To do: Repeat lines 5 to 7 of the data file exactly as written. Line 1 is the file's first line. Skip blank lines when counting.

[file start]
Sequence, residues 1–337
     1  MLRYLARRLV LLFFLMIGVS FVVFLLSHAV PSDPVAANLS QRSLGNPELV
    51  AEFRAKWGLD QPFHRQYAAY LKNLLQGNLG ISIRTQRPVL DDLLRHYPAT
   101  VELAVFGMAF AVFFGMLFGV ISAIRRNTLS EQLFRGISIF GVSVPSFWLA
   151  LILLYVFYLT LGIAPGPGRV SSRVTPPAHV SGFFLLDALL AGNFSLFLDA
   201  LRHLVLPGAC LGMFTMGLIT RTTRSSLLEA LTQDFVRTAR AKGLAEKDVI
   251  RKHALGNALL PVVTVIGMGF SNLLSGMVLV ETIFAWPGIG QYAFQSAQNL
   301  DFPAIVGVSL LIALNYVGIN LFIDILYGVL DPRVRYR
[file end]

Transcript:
   151  LILLYVFYLT LGIAPGPGRV SSRVTPPAHV SGFFLLDALL AGNFSLFLDA
   201  LRHLVLPGAC LGMFTMGLIT RTTRSSLLEA LTQDFVRTAR AKGLAEKDVI
   251  RKHALGNALL PVVTVIGMGF SNLLSGMVLV ETIFAWPGIG QYAFQSAQNL